I actually make quiche on a not-infrequent basis. It’s relatively easy, and since I know where to get cheap eggs, it’s a good source of inexpensive protein. But for some reason, none of my quiches have made it onto this here blog. Why? Maybe I was embarrassed about using store-bought pâte brisée, maybe I didn’t get any good pictures, maybe I had better things to blog about. But this time I made up my mind to document the quiche.
First things first: the crust. (A funny story just popped into my mind – for my culinary school final, I drew a menu containing quiche Lorraine. We were given ingredient lists, but no other clues. The list for the quiche did not include ingredients for the crust because, honestly, if you don’t know what goes into pâte brisée, you don’t deserve to graduate from culinary school. At any rate, the TA told me after the test was finished that I had been the only student to make a crust for the quiche!) Anyway, the crust is easy. I used to make it in the Cusinart, which certainly makes it a quick process, but the truth is that it doesn’t take long to do it by hand. Mix flour and salt in a bowl, rub in cold butter, gently stir in cold water. I use my hands, that way there are no pastry cutters or knives to wash later. (I’ll put my recipe at the bottom of this post.) A French pastry technique called fraisage, which involves smearing the dough on the counter, gives the crust long, flaky layers that are totally worth the mess. After chilling the dough for an hour or so, I rolled it out and wrangled it into my rectangular baking dish. I lined it with foil and, since I don’t have any pie weights, weighed it down with a few ramekins. I parbaked it for about 20 minutes, and it was ready for the fillings.
But wait, there’s more…
We also had a hunk of Emmenthal in the fridge, so naturally it was grated and added to the onions. (The pie dough may sound like it takes a while, with all the chilling and parbaking, but it’s largely hands-off, so you can do all your other prep while you’re waiting.)
For the custard, I whisked together eggs, yolks, milk, and cream and seasoned it with salt and pepper. Nutmeg would have been nice, too. I poured this over the onions and cheese, and sprinkled a few shards of cheese over the top.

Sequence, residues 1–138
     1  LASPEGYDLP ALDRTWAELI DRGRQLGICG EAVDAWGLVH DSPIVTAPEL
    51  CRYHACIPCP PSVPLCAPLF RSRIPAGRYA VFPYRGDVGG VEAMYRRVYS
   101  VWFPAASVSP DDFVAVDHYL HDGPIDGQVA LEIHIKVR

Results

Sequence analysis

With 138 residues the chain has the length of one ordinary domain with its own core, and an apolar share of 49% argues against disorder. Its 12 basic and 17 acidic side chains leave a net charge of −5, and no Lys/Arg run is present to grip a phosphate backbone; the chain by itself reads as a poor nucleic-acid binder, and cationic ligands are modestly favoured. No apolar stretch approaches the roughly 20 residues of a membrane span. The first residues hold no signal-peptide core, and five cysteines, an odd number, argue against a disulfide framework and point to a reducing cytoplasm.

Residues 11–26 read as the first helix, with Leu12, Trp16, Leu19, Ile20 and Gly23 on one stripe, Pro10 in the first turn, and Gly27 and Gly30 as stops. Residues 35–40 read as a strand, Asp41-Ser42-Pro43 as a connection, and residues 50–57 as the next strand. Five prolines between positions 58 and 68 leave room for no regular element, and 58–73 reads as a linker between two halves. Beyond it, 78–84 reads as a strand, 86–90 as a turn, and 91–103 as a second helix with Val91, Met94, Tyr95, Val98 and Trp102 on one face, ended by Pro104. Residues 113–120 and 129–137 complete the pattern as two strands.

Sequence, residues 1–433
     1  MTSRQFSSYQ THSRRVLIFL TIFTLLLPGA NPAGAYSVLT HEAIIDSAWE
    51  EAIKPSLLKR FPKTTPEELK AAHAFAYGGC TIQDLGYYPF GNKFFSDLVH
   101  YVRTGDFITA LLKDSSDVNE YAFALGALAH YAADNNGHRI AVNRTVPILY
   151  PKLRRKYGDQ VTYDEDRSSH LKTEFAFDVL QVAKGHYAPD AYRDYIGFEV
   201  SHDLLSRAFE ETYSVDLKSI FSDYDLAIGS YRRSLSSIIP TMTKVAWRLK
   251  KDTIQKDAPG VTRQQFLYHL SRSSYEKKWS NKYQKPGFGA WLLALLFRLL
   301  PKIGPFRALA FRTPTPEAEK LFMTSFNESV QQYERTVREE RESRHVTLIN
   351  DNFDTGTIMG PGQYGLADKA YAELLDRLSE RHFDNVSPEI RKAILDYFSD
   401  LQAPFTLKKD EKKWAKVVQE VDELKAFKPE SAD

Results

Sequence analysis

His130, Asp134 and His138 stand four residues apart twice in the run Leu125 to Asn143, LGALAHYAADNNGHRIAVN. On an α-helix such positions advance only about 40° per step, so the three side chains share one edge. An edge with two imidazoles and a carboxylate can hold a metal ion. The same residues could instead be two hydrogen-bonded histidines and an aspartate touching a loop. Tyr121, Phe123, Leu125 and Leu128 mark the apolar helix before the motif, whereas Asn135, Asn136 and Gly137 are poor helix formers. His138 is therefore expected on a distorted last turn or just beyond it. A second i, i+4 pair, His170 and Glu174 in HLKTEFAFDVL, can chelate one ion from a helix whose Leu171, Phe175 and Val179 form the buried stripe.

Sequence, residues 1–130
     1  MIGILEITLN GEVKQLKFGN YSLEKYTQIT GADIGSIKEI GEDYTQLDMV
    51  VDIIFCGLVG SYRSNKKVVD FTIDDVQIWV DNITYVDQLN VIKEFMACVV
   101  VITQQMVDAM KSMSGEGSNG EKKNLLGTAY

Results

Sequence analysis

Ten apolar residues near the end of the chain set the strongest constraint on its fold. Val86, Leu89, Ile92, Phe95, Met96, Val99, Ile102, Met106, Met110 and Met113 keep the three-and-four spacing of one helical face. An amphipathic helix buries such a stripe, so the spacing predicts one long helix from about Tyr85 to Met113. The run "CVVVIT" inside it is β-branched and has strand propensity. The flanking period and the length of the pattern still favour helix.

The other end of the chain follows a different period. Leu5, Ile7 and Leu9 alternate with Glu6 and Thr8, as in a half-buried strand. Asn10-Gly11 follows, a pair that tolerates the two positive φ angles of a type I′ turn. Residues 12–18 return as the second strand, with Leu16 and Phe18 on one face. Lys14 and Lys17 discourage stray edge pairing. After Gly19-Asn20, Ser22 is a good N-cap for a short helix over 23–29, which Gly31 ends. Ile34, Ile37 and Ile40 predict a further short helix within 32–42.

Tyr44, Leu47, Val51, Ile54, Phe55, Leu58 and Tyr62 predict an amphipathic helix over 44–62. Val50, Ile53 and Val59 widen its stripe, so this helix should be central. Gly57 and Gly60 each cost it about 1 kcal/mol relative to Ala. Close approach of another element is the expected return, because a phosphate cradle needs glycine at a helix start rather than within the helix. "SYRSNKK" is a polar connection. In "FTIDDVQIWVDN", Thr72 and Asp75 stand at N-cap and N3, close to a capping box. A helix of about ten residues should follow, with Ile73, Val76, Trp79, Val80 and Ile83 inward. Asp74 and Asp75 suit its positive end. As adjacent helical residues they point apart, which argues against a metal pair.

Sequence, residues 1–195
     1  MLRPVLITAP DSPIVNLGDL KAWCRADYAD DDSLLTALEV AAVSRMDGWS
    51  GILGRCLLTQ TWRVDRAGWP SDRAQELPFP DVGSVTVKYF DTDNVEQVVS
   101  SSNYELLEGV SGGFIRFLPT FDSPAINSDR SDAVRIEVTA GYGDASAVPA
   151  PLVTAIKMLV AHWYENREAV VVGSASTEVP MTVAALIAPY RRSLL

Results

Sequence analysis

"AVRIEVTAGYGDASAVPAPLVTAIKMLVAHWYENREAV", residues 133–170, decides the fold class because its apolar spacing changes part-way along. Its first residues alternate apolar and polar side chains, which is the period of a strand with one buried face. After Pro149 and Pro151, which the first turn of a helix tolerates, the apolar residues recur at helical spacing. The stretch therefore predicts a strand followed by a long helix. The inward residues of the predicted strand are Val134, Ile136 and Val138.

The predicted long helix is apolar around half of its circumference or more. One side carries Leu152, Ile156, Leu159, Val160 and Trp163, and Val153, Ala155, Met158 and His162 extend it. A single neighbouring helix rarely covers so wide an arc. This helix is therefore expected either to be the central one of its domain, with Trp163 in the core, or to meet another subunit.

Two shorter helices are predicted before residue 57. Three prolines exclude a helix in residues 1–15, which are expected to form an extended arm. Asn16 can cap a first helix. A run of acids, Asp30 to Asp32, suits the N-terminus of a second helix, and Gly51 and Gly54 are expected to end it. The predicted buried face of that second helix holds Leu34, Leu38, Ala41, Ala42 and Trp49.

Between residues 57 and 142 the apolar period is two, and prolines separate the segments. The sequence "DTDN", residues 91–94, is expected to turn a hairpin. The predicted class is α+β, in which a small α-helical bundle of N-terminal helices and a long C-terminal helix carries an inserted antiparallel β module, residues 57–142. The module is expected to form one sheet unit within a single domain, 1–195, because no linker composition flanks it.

Seriously. I made salad for four and this thing was still the size of a regular head of lettuce.
When the quiche finally emerged from the oven, it looked and smelled fantastic.
And I’m pleased to say it tasted that way, too.
Caramelized Onion and Emmenthal Quiche
188g/6oz. All-Purpose flour
Pinch sea salt
125g/4oz. Unsalted butter, cold, cubed
63g/2oz. cold water
Egg whites (leftover from custard, see below)
1. Combine flour and salt in a bowl. Add butter cubes and toss to coat. Begin rubbing the butter into the flour by grabbing small handfuls of flour and butter. Slide your thumbs across your fingertips until you feel the butter against your skin. At this point, let go and repeat. Do this until the remaining pieces of butter are the size of peas or small almonds. (This can also be done with a few quick pulses in a food processor.)
2. Add the water and gently toss it into the butter-flour mixture. Dump the contents of the bowl onto the counter and, using the heel of your hand, begin smearing small sections of dough away from you. When you’ve gone through the dough once, gather it back up and repeat the process. By this point the dough should be fairly cohesive. (If not, add a few more drops of water and do the smearing thing again.) Shape the dough into a disc and wrap in plastic wrap. Chill for an hour or so, until firm.
3. Preheat oven to 190C/375F.
4. Roll out dough to 3mm (1/8”) thickness, and place in pie plate or baking dish. Prick the bottom and sides with a fork. Line the crust with foil and weigh it down with something oven-proof (if you don’t have pie weights, use your imagination).
5. Bake for 15-20 minutes, until you begin to see browning on the edges of the crust. Remove the weights and foil. Brush the bottom of the crust with egg whites and bake another 5-10 minutes, until the bottom begins to color. Remove crust from oven, but leave the oven on.
2 medium onions, julienne
3 Tbsp. unsalted butter or lard
2 sprigs thyme
Freshly ground black pepper
Splash white wine
125g/4.5oz. Emmenthal, grated (substitute Gruyère, Comté, or other Swiss-type cheese)
2 yolks (save whites for the crust – see above)
7 oz. milk
7 oz. cream
Pinch freshly grated nutmeg (optional)
1. While the dough is chilling, melt the butter or lard in a large skillet over medium-low heat. Add the onions and season with salt and pepper. Pick the leaves from the thyme sprigs and toss them on top. Cook, stirring occasionally, until the onions turn a lovely dark golden brown color. Add a splash of white wine and continue cooking until most of the liquid has evaporated. Remove from heat.
2. Meanwhile, whisk together the eggs, yolks, milk, and cream. Season with salt, pepper, and nutmeg.
3. When the crust is ready, spread the onions over the bottom. Sprinkle most of the cheese over the onions. Pour in the custard and top with remaining cheese.
4. Bake (the oven’s still on, right?) 30-40 minutes until the top is lightly browned and the custard is set. It’s ok if it’s still a little wobbly in the center, it will continue to cook a bit out of the oven. A good way to test is to insert a sharp knife about halfway between the center and the edge of the quiche. If it comes out clean, the quiche is done.
5. Let cool 15-20 minutes. (The custard will have puffed up a bit in the oven – let it return to more or less flat before cutting.) Serve warm with green salad on the side.
Makes 1 quiche, approximately 23cm/9” in diameter. Serves 4 as a main course.